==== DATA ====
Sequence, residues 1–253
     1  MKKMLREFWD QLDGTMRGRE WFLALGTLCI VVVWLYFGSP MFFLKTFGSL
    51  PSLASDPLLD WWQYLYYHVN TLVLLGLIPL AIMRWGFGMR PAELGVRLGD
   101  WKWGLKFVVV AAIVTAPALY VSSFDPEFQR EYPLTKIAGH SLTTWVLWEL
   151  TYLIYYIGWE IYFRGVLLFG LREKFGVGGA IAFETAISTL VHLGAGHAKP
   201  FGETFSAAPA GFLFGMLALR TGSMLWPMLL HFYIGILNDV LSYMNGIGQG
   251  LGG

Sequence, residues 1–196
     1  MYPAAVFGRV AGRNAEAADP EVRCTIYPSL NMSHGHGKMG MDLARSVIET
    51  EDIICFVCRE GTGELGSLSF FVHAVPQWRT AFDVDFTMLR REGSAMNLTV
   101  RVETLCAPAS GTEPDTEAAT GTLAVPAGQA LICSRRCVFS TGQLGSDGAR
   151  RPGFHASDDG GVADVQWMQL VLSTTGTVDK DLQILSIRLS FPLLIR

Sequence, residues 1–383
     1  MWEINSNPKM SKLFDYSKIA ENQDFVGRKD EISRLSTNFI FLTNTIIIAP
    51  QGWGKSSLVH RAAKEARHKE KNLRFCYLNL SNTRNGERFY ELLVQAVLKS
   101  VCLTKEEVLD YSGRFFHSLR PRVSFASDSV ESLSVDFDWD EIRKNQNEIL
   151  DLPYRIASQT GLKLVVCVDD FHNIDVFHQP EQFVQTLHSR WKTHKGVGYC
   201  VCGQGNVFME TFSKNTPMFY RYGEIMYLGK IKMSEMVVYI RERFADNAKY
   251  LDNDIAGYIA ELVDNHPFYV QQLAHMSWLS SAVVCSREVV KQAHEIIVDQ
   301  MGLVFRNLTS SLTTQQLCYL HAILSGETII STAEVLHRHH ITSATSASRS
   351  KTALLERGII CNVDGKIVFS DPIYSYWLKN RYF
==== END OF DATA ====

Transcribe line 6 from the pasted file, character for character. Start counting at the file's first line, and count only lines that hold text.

   201  FGETFSAAPA GFLFGMLALR TGSMLWPMLL HFYIGILNDV LSYMNGIGQG